So I think, you know, it's interesting that you had teased with a stop that John Kerry is going to have in California to talk about a tax cut plan. You're talking about a man who has been in the Senate for 20 years who has never met a tax raise that he didn't like. He's voted for every tax increase and now he's talking tax break?
BLITZER: All right, Ileana, Ileana, hold on, Congresswoman, hold on a second. I don't want to get into a stump speech right now. Let's talk about these polls. Why right now is the president significantly behind in these poll number in Florida? Before the Democratic Convention it was pretty much neck and neck in Florida?
ROS-LEHTINEN: Well, the same question could be asked, why didn't John Kerry get a big bounce after his convention? Now we're going into our convention. Laura Bush will be in Florida next week. We're going to have a lot of officials come into town. And you're going to see an energized base and we're going to have a lot of reach-over voters, independents who are going to come on board the Bush campaign.
We're not worried about those numbers, they are going to turn around. From now until November, boy, that's a lifetime in politics.
BLITZER: That certainly is, Kendrick Meek. What do you make of the fact that the president is behind right now but he's going to be going to Florida often, probably at least once or maybe even twice a week and he's going to be bringing with him to Florida Republicans that are popular with those swing voters like John McCain who was just there yesterday with him?
REP. KENDRICK MEEK (D), FLORIDA: Well, I feel the president will be burning a lot of federal jet fuel, flying celebrities down, probably delivering checks to the state of Florida. But I can tell you one thing, Wolf, about these poll numbers. The very positive message that John Kerry and John Edwards has for America, the vision that they have, I'm talking about prescription drugs, letting Floridians know, and we have a number of veterans that are elderly and also regular citizens that have moved down, that saw that we had a great opportunity of the buying power to make prescription drugs lower in Florida.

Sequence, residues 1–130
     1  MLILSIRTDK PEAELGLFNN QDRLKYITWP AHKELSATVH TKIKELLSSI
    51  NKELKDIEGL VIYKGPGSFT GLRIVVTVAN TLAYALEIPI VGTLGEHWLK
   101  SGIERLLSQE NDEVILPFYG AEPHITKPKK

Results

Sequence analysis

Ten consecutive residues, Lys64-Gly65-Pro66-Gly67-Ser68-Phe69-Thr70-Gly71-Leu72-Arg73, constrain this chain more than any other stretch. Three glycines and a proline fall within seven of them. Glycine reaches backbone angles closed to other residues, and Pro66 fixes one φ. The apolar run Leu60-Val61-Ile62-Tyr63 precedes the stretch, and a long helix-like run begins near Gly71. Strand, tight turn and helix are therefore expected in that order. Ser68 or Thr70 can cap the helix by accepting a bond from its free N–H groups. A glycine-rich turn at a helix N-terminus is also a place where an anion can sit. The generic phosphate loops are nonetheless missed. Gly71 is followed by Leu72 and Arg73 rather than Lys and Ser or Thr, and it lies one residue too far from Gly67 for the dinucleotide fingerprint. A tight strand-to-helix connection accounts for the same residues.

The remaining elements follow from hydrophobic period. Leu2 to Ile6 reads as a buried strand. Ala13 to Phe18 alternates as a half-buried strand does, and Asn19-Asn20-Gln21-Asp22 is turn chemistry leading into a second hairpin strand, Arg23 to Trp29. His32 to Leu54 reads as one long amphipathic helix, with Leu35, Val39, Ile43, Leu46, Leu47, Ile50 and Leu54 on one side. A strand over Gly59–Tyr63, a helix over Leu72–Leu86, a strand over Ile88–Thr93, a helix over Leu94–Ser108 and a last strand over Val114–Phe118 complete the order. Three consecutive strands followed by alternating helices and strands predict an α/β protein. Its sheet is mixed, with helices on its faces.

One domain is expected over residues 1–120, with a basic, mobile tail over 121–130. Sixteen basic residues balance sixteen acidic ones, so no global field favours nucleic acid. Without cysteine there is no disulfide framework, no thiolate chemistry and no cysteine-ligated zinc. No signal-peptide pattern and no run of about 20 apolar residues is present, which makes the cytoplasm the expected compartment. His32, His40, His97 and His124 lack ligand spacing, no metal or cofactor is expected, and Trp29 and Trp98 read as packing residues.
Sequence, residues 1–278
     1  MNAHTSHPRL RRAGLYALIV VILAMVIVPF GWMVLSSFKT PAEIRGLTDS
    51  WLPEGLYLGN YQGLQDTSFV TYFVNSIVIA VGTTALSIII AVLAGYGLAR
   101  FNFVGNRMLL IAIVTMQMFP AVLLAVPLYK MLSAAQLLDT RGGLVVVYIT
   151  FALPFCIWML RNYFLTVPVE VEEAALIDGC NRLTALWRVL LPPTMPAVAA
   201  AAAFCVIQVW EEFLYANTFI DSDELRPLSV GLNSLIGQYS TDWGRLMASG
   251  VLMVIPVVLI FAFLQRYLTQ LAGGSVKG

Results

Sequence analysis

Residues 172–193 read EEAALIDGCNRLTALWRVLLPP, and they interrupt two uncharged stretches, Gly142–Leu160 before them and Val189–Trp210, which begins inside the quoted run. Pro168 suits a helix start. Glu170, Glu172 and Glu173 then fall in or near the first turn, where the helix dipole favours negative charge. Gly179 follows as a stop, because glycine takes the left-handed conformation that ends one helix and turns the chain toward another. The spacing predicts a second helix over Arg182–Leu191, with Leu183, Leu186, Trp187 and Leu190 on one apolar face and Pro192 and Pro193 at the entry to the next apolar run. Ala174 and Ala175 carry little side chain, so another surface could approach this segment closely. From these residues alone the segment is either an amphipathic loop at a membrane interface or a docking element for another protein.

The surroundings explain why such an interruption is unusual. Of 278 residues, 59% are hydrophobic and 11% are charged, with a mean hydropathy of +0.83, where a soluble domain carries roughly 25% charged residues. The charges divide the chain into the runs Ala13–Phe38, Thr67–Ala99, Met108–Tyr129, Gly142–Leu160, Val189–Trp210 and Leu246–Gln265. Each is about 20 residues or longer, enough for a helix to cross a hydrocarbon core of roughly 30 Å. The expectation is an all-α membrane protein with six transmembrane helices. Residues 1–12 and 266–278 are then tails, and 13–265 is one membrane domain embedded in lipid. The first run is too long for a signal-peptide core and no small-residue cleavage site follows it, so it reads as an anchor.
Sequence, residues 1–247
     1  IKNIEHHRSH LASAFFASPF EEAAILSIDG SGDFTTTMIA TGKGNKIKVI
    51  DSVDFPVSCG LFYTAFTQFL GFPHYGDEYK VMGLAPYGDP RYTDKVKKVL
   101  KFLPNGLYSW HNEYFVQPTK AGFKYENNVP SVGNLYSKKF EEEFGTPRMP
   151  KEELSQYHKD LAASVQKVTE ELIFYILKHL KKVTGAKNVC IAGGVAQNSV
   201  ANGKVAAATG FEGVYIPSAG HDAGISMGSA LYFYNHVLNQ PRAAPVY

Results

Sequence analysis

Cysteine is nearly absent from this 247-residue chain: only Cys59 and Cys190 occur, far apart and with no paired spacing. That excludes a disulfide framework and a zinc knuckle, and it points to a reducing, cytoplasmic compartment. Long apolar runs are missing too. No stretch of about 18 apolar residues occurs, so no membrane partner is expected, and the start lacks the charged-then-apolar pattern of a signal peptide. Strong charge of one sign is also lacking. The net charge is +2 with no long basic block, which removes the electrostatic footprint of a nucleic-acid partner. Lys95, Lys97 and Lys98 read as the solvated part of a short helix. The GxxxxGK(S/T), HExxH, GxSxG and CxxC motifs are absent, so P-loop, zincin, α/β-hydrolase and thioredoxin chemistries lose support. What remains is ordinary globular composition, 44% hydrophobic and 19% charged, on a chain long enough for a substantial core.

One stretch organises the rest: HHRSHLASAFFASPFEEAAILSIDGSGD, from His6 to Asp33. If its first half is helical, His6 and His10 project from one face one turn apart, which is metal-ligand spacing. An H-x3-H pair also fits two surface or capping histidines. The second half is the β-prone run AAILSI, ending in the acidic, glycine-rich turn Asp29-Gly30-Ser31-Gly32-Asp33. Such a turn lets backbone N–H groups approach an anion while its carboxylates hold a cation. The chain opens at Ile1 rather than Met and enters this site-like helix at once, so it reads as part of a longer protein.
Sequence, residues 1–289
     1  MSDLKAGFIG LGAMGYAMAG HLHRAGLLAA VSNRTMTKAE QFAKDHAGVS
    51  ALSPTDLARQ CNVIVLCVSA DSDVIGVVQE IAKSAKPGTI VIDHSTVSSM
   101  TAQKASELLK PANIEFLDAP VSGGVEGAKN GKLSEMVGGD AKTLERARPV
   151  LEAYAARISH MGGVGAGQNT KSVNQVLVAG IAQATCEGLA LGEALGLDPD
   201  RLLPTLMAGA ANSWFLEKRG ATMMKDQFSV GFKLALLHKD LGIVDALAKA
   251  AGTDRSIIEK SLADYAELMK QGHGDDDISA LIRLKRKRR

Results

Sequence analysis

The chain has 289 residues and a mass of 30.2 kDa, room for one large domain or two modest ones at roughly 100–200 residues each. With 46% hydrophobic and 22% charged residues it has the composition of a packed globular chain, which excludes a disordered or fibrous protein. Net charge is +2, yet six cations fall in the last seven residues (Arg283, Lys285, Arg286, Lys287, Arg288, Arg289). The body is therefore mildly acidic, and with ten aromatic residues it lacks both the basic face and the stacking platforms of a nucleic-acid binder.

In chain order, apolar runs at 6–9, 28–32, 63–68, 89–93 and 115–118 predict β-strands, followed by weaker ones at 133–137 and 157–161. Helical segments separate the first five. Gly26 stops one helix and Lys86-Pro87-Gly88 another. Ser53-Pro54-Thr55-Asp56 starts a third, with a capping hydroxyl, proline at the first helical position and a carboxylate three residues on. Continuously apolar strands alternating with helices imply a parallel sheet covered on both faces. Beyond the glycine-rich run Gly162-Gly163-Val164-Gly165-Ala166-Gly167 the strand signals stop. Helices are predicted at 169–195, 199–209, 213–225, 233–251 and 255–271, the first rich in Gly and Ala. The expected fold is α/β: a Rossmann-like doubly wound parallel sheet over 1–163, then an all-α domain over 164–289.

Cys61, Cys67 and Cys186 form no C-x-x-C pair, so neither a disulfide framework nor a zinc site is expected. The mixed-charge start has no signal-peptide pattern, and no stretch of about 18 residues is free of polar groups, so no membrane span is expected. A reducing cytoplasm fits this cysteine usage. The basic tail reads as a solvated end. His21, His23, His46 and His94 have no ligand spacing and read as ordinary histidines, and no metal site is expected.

He has a great vision for the space program in the space coast area. So these polls reflect the positive message of John Kerry-John Edwards, versus the message of negativity and also misleading Americans about John Kerry and John Edwards' voting record.
BLITZER: Kendrick Meek, how worried are you that there could be a repeat performance, if this is another close race in Florida, a repeat performance of what happened four years ago with those hanging chads? I understand there is a new system in place right now, no more punchcard ballots. There's electronic balloting but no paper trail, if there's any question. How worried are you about this?
MEEK: That is a concern. We have a number of advocates that have stepped forward, citizens and lawyers, to be proactive. To make sure that voting facilities are ready and available. And even with the early vote, to make sure votes count this time around.
Wolf, I can tell you that there is a big effort afoot to have voter suppression. There's not by mistake that the Bush administration in Florida released a voter purge list that they knew was faulty from the beginning. This has been reported throughout the media. All of these things. So what I look at here, Wolf, is voter confidence in Florida, we're going to make sure that every vote counts. We're not leaving any vote behind in the Kerry campaign, whether it be Democratic, independent or Republican. We feel that we...